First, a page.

The Question of Missing Images

Getting images into questions remains the last stumbling block.

Solving the question import process was awesome but automatically importing images into those questions still remains the last unmet challenge. Images are either simply broken or have unwanted hard coded links back to the Canvas instance.

Solution dead-ends

For example, one Chemistry exam had 60 questions with 127 images. It’s pedagogically critical that not one is missed or incorrect. At least the Canvas export files provide the original image files – and even generates the images for LaTeX.

Any solution had to be kept to existing tool base – scripting new tools was out of scope. So a limited amount of time was spent investigating tech-type tricks:

  • Following tips like this: https://www.slideshare.net/tjuly/adding-images-to-moodle-quiz-and-import-via-xml
  • Like Moodle Books, compress both the quiz xml and images together
  • Uploading images to the course and trying to create links
  • Creating image in one questions, removing the path information from the image filename, seeing if the images would load in subsequent questions.
  • Hacking the Moodle XML to preload all images in various tag elements.

All these explorations ended in dead-ends.

Solutions (plural)

The first two methods are suitable for a small number of images or very simple questions (or if people are uncomfortable hacking XML).

Manually update – method 1

For images in questions that display as a broken file, the only method practical method is to reload (although I’m happy to be proved wrong):

  • Open each question in Moodle
  • Double click each missing image
  • Remember the image attributes
  • Loading the replacement file found in the unzipped QTI file.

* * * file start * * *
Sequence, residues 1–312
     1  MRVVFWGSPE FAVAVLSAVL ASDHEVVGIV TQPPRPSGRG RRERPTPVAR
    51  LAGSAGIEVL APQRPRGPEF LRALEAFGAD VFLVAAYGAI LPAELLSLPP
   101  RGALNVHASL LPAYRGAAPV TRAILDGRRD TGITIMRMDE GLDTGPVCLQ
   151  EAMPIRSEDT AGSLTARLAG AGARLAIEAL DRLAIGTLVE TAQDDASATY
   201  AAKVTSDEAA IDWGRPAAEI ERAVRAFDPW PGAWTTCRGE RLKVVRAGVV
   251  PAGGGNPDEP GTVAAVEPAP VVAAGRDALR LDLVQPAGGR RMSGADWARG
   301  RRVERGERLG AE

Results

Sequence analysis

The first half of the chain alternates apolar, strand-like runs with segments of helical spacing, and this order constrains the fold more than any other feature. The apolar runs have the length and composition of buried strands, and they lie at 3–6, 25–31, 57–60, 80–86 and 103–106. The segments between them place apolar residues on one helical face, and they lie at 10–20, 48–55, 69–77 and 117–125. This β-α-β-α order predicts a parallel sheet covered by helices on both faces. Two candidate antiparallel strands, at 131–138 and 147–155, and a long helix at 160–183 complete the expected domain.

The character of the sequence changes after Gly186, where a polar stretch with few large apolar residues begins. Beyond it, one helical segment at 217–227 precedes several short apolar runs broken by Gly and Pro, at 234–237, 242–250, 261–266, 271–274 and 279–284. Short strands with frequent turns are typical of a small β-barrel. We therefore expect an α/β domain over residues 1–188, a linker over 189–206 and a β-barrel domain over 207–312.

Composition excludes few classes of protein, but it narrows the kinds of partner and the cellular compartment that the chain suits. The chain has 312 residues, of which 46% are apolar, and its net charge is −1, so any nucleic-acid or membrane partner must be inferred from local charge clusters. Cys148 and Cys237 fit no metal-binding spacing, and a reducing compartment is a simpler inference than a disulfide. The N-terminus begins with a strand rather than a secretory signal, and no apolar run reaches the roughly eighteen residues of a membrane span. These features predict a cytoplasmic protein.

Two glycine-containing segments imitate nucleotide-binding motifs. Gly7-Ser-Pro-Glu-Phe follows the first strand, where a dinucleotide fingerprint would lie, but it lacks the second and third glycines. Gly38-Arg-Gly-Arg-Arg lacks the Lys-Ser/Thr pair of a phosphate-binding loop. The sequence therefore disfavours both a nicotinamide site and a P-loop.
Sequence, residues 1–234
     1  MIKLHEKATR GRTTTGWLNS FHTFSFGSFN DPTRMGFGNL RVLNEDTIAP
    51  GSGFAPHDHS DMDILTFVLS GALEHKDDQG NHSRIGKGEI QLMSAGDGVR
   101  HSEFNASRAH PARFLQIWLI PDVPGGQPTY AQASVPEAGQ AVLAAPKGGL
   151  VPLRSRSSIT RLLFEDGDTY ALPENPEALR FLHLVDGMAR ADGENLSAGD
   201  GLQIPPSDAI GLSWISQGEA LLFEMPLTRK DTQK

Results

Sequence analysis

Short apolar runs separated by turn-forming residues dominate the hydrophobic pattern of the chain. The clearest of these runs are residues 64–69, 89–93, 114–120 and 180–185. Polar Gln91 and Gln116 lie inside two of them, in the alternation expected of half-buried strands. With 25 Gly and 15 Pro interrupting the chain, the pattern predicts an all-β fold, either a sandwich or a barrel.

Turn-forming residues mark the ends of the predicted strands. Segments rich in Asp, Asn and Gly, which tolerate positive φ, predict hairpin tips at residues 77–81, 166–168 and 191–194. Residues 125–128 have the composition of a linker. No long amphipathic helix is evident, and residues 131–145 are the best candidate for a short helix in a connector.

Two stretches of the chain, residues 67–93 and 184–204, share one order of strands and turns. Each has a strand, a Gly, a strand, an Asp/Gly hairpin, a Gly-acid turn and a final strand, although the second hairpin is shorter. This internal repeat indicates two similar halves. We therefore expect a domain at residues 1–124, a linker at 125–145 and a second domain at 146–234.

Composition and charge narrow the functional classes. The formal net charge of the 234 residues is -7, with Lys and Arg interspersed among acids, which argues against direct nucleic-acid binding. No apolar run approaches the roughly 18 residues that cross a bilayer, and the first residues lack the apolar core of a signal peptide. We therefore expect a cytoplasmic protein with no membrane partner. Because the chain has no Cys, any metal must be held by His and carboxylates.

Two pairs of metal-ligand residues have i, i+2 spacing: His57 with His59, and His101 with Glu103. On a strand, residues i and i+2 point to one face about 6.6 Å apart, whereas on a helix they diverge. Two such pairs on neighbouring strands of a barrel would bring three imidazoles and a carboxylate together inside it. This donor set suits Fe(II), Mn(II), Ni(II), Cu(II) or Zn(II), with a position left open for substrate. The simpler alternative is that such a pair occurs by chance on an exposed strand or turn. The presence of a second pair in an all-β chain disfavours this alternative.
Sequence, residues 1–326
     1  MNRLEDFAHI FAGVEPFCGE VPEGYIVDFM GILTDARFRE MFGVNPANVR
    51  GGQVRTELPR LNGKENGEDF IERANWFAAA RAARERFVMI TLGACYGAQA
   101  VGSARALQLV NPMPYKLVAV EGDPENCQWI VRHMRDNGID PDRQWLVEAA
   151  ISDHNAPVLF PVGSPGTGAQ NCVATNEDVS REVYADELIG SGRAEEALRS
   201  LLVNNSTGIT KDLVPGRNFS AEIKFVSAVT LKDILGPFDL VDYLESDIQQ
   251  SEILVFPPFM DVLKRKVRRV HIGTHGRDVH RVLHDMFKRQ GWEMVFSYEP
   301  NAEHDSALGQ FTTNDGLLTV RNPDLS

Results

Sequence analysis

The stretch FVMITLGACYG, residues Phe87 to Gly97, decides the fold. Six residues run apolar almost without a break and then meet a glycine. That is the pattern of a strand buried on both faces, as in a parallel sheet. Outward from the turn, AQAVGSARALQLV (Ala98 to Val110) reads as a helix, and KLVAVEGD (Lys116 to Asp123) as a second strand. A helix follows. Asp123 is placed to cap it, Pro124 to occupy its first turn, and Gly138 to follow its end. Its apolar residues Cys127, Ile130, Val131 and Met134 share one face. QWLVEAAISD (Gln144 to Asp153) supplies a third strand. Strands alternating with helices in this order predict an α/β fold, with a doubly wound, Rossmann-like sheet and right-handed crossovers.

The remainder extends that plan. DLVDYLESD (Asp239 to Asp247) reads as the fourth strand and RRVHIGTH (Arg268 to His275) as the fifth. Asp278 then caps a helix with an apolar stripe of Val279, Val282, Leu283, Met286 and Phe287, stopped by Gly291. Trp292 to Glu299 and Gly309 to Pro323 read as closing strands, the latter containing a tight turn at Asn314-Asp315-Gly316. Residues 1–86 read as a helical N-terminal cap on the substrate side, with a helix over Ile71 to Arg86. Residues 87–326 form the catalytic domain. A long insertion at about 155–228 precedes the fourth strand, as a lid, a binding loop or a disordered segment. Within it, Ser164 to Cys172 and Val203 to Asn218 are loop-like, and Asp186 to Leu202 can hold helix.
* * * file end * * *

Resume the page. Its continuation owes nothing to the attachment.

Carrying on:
• Reapply the original image attributes
  • Save the changes

Manual update – method 2

Sometimes question images actually appear but if you look at the HTML source code, you can see they are hosted in Canvas. The second method is essentially the same as method 1, but instead of tediously searching for the file, the previewed file is right-click -> Save Image As… and saved to the downloads folder. Then it’s Browse repostiories… and reinserted in the uniquely Moodle way.

Use Save-as to skip the searching for replacement images.

XML hacking

The first two methods have two big issues:

  • the tedious nature of using the Moodle UI
  • the risk of missing images in answers, distractors and feedback fields makes it an even slower process.

The third method involves hacking the Moodle XML. After ingesting the Canvas QTI file, I re-export the sames questions as Moodle XML. In the gallery below, you can see the process to create image using XML:

This approach allowed me to use a more methodical approach, working top to bottom of a big question bank file. RegEx find and replace also greatly reduced the effort required.

I badly want this scripted.

Quality Control

Each finished Quiz file was exported to a Moodle XML file. The code was searched for any image source references to either (a) Canvas or (b) is without the @@PLUGINIMAGE@@ flag in the XML. Any occurance, the fix is pretty simple – unless the image was missing in Canvas subject itself!

Tools used

Conclusion

It’s up to the developer to pick the method that works for the the situation.

This sort of task is ideal for scripting or for extending the original Canvas QTI import plug-in. Unfortunately this was out of scope given budget, deadlines and availability of people who can script.

Canvas To Moodle Stories

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